In the build-up to England’s opening
Another forceful temper within the England squad is that of Head Coach Fabio Capello. However, this is one which the English press have had to gauge from comments made by various players with the Italian tactician always maintaining an icy exterior when in the public eye. This exterior was broken when certain members of the British press were deemed to have overstepped the mark in photographing the changing rooms contained within England’s training camp – the result of which was a tongue lashing usually only reserved for underperforming players.
These two incidents taken together have lead many reports to take the view the pressure currently felt within the England camp is getting to two of its most valuable components. Memories of Rooney’s fate in Germany four years ago remain fresh in the minds of all England fans and presumably of those officials set to participate in this summer’s tournament. This is an issue which has again been thrown into the media spotlight following the comments made by referee Jeff Selogilwe which have reportedly led the Brazilian officials in charge of Saturday’s match to study a list of 20 English expletives likely to be used by players. It should of course be remembered this list will apply to both teams but it is hard to ignore the impact this may have on Rooney. If FIFA decides to take a hard line on ill discipline Rooney and England may pay a heavy price.
Rooney’s temperament is a double-edged sword which must effectively be managed by Capello. It is important to note Emile Heskey’s comments following Rooney’s performance on Monday as it is clear the feeling within the camp the Manchester United man brought an increased spark and purpose to proceedings. An angry Rooney can often be inspirational, as he was when smashing a stunning volley into the top corner seconds after berating the referee in a Premier League match against Newcastle United. Managing this temperament and getting the best out of Rooney is a task which Capello and England backroom staff such as Stuart Pearce will have to get right if England are to achieve anything in South Africa.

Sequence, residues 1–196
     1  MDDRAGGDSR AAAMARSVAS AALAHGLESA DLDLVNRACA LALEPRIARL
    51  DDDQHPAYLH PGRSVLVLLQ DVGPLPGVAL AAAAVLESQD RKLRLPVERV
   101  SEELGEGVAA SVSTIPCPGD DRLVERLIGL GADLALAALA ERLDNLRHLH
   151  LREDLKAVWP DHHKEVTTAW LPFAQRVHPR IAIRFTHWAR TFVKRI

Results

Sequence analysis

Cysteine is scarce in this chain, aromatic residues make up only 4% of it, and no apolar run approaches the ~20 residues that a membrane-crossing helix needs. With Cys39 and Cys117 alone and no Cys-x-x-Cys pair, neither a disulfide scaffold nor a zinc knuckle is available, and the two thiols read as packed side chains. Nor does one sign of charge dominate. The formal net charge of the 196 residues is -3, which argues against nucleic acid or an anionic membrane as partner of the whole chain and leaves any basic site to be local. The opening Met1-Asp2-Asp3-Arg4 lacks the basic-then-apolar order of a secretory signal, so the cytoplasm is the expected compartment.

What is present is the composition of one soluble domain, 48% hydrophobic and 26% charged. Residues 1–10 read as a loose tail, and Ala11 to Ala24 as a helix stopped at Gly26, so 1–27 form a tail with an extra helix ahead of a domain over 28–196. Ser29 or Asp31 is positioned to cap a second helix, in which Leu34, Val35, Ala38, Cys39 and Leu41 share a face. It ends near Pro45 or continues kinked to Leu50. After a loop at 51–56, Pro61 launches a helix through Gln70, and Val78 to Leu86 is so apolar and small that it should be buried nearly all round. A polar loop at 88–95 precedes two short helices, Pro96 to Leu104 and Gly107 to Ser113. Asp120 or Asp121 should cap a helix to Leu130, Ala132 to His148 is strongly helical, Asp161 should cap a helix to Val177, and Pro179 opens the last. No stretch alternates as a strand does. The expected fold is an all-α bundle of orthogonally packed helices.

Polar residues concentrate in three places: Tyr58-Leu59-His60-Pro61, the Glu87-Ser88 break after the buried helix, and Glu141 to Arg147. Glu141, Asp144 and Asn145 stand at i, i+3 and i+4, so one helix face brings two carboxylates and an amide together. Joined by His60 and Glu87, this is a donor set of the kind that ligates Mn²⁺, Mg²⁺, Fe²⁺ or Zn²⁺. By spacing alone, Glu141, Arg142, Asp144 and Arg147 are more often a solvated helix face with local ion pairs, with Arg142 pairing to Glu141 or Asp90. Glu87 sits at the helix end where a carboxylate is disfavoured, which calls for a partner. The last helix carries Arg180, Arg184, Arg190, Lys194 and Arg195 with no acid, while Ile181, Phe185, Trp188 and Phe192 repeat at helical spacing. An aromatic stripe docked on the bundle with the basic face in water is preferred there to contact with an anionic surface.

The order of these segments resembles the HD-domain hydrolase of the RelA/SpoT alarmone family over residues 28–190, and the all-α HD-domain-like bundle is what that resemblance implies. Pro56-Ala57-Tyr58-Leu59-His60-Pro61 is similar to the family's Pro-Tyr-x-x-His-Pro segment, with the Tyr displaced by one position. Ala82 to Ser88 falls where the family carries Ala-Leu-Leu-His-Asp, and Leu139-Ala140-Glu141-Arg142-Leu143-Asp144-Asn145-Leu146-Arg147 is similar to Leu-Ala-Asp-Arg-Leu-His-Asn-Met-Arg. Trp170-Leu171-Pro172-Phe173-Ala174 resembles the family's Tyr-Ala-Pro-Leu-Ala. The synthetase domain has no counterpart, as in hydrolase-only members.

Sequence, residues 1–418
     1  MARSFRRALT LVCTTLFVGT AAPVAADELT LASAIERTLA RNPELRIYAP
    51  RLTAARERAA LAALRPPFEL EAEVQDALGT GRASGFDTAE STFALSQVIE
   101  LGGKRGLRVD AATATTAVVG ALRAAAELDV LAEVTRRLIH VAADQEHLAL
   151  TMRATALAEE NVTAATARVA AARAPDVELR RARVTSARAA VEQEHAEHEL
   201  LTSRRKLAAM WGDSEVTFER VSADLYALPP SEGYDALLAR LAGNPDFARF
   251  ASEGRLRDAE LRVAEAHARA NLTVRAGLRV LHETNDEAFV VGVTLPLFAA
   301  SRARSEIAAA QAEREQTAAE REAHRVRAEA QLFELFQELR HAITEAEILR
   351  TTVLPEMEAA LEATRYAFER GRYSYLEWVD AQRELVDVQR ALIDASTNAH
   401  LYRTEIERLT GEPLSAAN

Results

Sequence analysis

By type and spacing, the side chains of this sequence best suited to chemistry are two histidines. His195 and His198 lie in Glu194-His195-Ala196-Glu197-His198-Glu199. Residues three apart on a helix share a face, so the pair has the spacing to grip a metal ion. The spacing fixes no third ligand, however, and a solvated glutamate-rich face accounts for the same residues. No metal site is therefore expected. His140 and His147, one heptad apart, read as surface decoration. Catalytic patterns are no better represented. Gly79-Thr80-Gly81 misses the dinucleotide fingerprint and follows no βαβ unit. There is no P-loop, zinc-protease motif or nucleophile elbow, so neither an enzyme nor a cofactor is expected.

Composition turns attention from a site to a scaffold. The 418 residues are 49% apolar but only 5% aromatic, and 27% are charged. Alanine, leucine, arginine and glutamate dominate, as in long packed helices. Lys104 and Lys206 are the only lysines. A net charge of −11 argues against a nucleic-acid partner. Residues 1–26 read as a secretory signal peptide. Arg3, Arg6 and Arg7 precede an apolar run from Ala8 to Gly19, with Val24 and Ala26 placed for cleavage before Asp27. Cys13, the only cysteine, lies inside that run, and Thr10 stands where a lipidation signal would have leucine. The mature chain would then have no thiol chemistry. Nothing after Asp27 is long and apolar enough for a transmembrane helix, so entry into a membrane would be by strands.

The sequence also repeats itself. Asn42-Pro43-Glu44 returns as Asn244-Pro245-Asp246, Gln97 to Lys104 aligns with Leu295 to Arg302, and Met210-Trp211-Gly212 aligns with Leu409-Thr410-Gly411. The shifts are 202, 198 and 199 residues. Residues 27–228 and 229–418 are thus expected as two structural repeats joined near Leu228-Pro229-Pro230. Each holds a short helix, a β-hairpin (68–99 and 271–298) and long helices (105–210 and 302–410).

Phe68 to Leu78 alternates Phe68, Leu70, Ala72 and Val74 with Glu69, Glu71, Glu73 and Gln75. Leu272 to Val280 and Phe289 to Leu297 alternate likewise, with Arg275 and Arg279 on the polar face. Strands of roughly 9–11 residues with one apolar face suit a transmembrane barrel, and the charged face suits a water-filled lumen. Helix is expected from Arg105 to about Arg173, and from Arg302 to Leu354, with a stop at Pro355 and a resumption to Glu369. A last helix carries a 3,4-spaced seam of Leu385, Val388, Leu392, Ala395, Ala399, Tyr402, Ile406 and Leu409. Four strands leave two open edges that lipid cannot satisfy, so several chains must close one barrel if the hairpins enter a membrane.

This brings in the question of how Capello is coping with the huge pressure of leading England into a World Cup and whether his outburst is the start of cracks appearing. Reports have suggested Capello showed weakness in his actions but others have simply put it down to a feeling within the camp Saturday’s game cannot come quick enough. Capello has had his players together for three weeks now, the longest time in his tenure, and it may be the case the Italian and his players just want to get going, feeling the frustrations of knowing the job in hand but as yet not able to influence the fate of the competition.
For the sake of the potential success of the England team it remains imperative Capello is on his game as much as Rooney is. A lot of England’s hopes depend upon whether Rooney can translate his stunning form this season onto the world stage but it is just as important Capello gets certain key decisions right – arguably the most important of these being who starts in goal against the United States. Following Rob Green’s inability to really prove himself at this level, Joe Hart’s poor distribution on Sunday and David James tendency to make a crucial mistake there is little certainty surrounding who will be tasked with the job. Whoever is handed the task, Capello must make sure he is 100% behind his final decision as any form of goalkeeping error could prove catastrophic in a World Cup campaign. Similar uncertainty exists surrounding how the loss of Gareth Barry will be compensated for in this encounter. Whether the much maligned partnership of Steven Gerrard and Frank Lampard will again be given another World Cup opportunity or whether Capello has an ace up his sleeve will become apparent come Saturday’s match. The Italian has stated he knows what his starting XI will be come this opening encounter, however, he is playing the cards close to his chest.
These are all questions Capello will have been trying to answer in the training sessions while in South Africa and it is essential he gets these key decisions right from the off. Just as an act of ill discipline may cost England dear so will a poor managerial decision at a crucial time. There is no doubt both Rooney and Capello represent aspects of the world class core of the England set up – now is the time for this to be realised on the biggest stage.